Illustration(s) pertain to the topic addressed in this publication, not the specific research or data presented in the publication

Vancomycin use in hospitalized pediatric patients


OBJECTIVES: To assess vancomycin utilization at children’s hospitals, to determine risk factors for vancomycin use and length of therapy, and to facilitate adapting recommendations to optimize vancomycin prescribing practices in pediatric patients.

METHODS: Two surveys were conducted at Pediatric Prevention Network hospitals. The first (Survey I) evaluated vancomycin control programs. The second (Survey II) prospectively reviewed individual patient records. Each hospital was asked to complete questionnaires on 25 consecutive patients or all patients for whom vancomycin was prescribed during a 1-month period.

RESULTS: In Survey I, 55 of 65 (85%) hospitals reported their vancomycin control policies. Three quarters had specific policies in place to restrict vancomycin use. One half had at least 3 vancomycin restriction measures. In Survey II, personnel at 22 hospitals reviewed 416 vancomycin courses, with 2 to 25 (median = 12) patients tracked per hospital. Eighty-two percent of the vancomycin prescribed was for treatment of neonatal sepsis, fever/neutropenia, fever of unknown origin, positive blood culture, pneumonia, or meningitis. In an additional 6% (26/416), vancomycin was prescribed for patients with beta-lactam allergies and in 13% (56/416) for prophylaxis. Median duration of prophylaxis was 2 days (range: 1-15 days). Almost half (196, 47%) of the patients who received vancomycin were in intensive care units; 27% of the vancomycin courses were initiated by neonatologists and 19% by hematologists/oncologists. The predominant risk factor at the time of vancomycin initiation was the presence of vascular catheters (322, 77%); other host factors included cancer chemotherapy (55, 13%), transplant (30, 7%), shock (24, 6%), other immunosuppressant therapy (17, 4%), or hyposplenic state (2, <1%). Other clinical considerations were severity of illness (96, 23%), uncertainty about diagnosis (51, 12%), patient not responding to current antibiotic therapy (40, 10%), or implant infection (13, 3%). When vancomycin was initiated, blood cultures were positive in 85 patients (20%); cultures from other sites were positive in 45 (11%), and Gram stains of body fluids were positive in 37 (9%). In 29 (7%) patients, organisms sensitive only to vancomycin were isolated before vancomycin initiation. Reasons for discontinuing vancomycin included: therapeutic course completed (125, 30%), negative cultures (106, 25%), alternative antibiotics initiated (75, 18%), illness resolved (14, 3%), or patient expired (13, 3%). Final results of blood culture isolates resistant to beta-lactam antibiotics included 48 coagulase-negative staphylococcus, 5 Staphylococcus aureus, and 10 other species.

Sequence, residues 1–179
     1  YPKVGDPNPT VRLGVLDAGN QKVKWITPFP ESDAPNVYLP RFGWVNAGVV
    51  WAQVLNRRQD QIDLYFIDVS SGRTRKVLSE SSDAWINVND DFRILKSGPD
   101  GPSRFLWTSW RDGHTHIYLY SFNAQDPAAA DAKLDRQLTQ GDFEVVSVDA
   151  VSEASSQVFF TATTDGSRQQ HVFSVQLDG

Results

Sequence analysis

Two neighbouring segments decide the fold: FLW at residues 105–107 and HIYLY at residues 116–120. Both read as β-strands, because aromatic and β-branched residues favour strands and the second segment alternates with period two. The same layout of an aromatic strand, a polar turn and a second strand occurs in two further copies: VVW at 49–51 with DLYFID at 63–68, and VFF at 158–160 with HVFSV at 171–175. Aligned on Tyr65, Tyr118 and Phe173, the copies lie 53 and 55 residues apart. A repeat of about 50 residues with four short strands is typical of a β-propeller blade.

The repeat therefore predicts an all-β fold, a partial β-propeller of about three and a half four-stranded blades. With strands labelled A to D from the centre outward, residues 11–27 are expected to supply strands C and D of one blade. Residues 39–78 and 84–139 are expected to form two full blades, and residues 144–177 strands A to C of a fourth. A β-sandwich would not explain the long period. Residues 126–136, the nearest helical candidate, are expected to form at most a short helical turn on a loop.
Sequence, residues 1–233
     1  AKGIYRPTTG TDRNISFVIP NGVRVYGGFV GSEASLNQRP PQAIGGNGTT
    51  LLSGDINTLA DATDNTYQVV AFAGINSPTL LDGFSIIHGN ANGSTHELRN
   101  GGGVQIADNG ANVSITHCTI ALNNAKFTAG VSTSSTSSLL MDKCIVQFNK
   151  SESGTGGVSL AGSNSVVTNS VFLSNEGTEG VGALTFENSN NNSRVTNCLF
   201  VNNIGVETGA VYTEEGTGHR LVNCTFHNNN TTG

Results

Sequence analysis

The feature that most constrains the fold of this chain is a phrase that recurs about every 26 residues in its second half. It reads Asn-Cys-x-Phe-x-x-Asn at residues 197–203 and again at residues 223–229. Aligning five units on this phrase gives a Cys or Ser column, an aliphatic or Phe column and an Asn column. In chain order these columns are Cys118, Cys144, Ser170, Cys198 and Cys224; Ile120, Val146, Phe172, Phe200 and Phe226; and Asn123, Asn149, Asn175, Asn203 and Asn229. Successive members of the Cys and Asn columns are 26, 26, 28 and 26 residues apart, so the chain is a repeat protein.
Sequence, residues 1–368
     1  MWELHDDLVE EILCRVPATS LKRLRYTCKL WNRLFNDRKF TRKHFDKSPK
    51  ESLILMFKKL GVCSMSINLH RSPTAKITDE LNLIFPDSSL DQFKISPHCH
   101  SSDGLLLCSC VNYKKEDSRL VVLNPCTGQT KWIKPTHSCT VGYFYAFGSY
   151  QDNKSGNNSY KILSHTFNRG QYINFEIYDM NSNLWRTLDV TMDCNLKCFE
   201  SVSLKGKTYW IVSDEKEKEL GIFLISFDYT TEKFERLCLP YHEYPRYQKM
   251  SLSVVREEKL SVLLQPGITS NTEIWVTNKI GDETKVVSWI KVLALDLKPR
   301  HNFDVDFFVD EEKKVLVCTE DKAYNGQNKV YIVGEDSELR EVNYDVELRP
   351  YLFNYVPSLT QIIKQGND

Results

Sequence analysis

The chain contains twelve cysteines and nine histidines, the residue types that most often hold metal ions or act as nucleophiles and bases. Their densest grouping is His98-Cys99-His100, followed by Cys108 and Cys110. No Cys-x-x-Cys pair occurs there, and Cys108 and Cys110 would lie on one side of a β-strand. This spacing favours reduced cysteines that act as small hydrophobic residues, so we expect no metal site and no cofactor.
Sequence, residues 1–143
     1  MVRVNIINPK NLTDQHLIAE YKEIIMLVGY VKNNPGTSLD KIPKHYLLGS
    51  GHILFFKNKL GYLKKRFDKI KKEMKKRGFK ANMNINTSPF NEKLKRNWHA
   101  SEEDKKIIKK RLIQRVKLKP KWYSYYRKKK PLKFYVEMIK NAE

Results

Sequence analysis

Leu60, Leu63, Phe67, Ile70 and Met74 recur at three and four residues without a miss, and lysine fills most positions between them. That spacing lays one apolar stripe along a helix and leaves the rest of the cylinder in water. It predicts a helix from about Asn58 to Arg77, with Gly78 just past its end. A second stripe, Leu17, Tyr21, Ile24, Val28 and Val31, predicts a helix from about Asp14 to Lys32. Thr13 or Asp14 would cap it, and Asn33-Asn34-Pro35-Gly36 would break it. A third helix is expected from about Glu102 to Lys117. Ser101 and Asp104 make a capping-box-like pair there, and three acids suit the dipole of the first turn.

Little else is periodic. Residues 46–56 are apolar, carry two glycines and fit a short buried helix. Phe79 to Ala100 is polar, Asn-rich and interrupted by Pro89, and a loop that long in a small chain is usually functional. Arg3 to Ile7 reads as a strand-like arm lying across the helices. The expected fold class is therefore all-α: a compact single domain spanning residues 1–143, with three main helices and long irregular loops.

CONCLUSIONS: At children’s hospitals, vancomycin is initiated for therapy in patients who have vascular catheters and compromised host factors. Only 7% had laboratory-confirmed beta-lactam-resistant organisms isolated at the time vancomycin was prescribed. Efforts to modify empiric vancomycin use in children’s hospitals should be targeted at intensivists, neonatologists, and hematologists. Initiatives to decrease length of therapy by decreasing the number of surgical prophylaxis doses and days of therapy before laboratory results may decrease vancomycin exposure.

Keyserling HL, Sinkowitz-Cochran RL, Harris JM, Levine GL, Siegel JD, Stover BH, Lau SA, Jarvis WR,

Pediatrics 2003 Aug;112(2):e104-11

PMID: 12897315

Vancomycin use in hospitalized pediatric patients was last modified: October 14th, 2015 by Keyserling HL, Sinkowitz-Cochran RL, Harris JM, Levine GL, Siegel JD, Stover BH, Lau SA, Jarvis WR,